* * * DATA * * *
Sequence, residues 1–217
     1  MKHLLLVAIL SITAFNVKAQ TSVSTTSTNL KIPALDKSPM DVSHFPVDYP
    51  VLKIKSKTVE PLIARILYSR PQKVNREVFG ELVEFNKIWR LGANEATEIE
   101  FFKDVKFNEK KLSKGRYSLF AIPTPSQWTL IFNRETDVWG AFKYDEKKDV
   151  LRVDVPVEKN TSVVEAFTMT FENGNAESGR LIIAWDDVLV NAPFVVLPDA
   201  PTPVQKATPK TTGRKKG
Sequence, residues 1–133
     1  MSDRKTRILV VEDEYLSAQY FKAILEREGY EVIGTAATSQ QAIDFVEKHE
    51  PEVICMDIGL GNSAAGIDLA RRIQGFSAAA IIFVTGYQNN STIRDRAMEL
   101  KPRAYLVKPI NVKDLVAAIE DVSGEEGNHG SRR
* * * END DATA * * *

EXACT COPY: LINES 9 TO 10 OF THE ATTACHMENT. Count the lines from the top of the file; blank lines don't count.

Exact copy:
    51  PEVICMDIGL GNSAAGIDLA RRIQGFSAAA IIFVTGYQNN STIRDRAMEL
   101  KPRAYLVKPI NVKDLVAAIE DVSGEEGNHG SRR